Don’t you dare find this book entertaining.
Because then comes that uncomfortable moment, as you’re flying through those pages to see the “bloodbath” at the Cornucopia begin after the pulse-pounding 60-second countdown, when you realize that a teen girl’s fight to stay alive in a murderous free-for-all is fun to read.
Ah, ah, ah, you’re no better than those sadistic fops from the Capital! But let’s be fair. It’s like that thought that a true anti-war movie can never be filmed because the combat will always seem– even if only a little– exciting. This book can condemn our culture’s attitude toward media violence but not without making the drama of said violence enjoyable to read. I don’t see that as a hypocrisy but rather a demonstration of its point.
In the aftermath of a devastating war, North America is divided into 12 impoverished Districts controlled by the Capital, which is located in what used to be known as the Rockies (where I am– so in the future, I’d be living the good life! Cheers!) To punish the Districts for a past rebellion, twenty-four kids ages 12-18 are rounded up, gussied up, and trained to fight to the death on live TV. These Hunger Games, as they’re called, also keep the idle rich distracted with sensational entertainment, so two birds, basically.
Katniss tells us the story, and she ends up in the Games once her little sister’s number is drawn in the dreaded lottery. One may volunteer, as Katniss does, to take a tribute’s place. Her (disappointingly under-described) archery skills give her a chance, at least, since she’s grown up hunting illegal game to feed her family. Also competing in her District is Peeta, and Katniss can’t decide if he has a thing for her, or if it’s all an act to gain the upper hand.
Notes for Future Dictators
Whenever I come across a dystopian novel, I try to judge whether its structure of oppression could work. In this case, would the Capital realistically be able to control the populace the way it does?
It’s a mixed bag. The geographical division of the lower classes, the “districting,” I can see being effective. The systematic starvation? Now that’s the tough sell. Historically speaking, a hungry population is much harder to control than a healthy one, the former being driven to desperation and fiercely united against the ruling class (but what the ruling class can do at that point is deflect the blame for the famine and indoctrinate the population against a scapegoat enemy [see: North Korea], which I don’t see happening in Panem).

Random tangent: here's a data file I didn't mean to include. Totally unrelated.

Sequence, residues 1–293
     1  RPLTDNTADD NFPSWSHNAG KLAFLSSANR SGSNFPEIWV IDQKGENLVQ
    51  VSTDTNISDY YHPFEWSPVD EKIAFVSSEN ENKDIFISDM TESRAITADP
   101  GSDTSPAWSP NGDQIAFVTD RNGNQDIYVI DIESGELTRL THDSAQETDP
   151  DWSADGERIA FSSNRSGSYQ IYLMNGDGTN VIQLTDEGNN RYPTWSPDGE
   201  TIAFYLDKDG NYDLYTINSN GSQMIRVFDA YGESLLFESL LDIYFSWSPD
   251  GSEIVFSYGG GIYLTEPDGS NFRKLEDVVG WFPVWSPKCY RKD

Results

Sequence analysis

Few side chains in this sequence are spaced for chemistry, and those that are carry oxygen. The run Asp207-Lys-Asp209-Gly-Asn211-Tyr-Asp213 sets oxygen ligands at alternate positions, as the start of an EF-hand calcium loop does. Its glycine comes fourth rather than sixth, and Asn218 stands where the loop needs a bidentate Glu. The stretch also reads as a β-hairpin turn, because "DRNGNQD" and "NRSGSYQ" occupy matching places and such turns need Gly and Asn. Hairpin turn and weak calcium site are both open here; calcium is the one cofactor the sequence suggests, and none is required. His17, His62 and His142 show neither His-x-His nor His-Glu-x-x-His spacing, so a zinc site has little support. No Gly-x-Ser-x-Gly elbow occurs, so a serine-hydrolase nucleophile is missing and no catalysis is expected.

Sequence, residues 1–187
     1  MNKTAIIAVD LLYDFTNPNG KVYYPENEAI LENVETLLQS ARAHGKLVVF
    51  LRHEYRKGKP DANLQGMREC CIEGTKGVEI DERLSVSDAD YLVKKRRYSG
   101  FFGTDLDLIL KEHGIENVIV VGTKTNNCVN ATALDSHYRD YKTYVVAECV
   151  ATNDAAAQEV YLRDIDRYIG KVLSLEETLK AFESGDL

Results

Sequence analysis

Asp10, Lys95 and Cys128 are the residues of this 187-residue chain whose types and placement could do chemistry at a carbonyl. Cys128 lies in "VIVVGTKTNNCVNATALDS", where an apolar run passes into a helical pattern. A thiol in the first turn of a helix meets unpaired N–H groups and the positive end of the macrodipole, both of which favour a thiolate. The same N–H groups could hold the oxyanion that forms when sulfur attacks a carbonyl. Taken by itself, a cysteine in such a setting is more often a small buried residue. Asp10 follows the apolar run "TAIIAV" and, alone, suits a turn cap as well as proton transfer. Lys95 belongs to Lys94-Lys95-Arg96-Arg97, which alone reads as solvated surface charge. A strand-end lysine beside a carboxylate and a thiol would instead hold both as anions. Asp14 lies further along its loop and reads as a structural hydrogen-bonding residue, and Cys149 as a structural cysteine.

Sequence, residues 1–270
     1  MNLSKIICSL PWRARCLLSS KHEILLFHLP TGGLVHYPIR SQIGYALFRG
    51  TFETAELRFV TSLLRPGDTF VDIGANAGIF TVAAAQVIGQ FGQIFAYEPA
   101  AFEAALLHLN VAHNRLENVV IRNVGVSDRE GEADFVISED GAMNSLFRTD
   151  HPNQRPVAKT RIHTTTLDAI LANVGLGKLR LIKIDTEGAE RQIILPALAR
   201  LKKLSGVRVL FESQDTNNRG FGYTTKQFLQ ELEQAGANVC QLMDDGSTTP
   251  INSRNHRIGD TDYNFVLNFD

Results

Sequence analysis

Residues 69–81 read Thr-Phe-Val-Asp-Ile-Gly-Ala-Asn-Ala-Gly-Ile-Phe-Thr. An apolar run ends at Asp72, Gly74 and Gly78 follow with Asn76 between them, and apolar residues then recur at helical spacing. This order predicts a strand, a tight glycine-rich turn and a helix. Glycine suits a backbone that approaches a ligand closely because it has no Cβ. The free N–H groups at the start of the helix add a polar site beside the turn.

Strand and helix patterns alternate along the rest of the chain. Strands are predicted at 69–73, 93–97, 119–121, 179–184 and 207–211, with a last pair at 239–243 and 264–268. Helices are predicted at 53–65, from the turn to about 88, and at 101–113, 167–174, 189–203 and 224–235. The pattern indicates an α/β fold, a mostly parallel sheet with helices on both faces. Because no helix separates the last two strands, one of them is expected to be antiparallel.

We don’t get a lot of background in the first book on how this world, Panem, came to be, nor can we, since it’s so intimately told by a girl consumed by the task of survival; a detailed history lesson would be jarring and silly. I get the feeling, anyway, that the society Suzanne Collins is creating is mostly to serve the plot.
But What a Plot It Is
She stirs enough dramatic ingredients into The Hunger Games that there’s never a dull moment. She does cheat a bit, though. For example, the “sponsorships” are a plot device designed to parachute much-needed supplies into the arena and help Collins out of a jam (and Katniss, too, sure). Also, if the kids aren’t killing each other at a satisfactory pace, the “Gamemakers” can push some buttons and send balls of hellfire screaming down on the participants.
(I wish I could push the Hellfire Button whenever a book became boring)
Basically, everything Collins needs to do to keep the action moving is already built into the structure of the games, and it works beautifully as a read.
Entertaining. But The Hunger Games is often praised for being more than that, even a thought-provoking read for adults. One thing I got from it, apart from dystopian lit ideas I’ve seen before, was a renewed awareness of the human layer that lies beneath entertainment. We may not be watching people murder each other on The Bachelor or this week’s Who-Da-Baby-Daddy rendition of Maury Povich, but we are watching lives get ruined, which we are content not to contemplate. Also, in the book’s most intriguing moments, Katniss, no-nonsense survivalist that she is, is swept up in the pageantry of the Games, such as when she’s giggly at the interview or giving a knowingly mysterious smile for the camera. Even the sacrificed can’t always resist the intoxicating effects of being watched.
I’m glad I read this, and the attention it’s gathered is plenty fine by me. Though it deals in heavy themes, the violence isn’t gratuitous for younger readers, and for them it’s a great stepping stone to the towers of what is (at least to me) a sacred genre.
Read it if
1. You’re between the ages of 11 and 18, period. (Kids, why are you coming to a site called Read, You Bastard for book recommendations?)
2. You’re older than 18 and want a fast, gripping read that has a sense of relevance.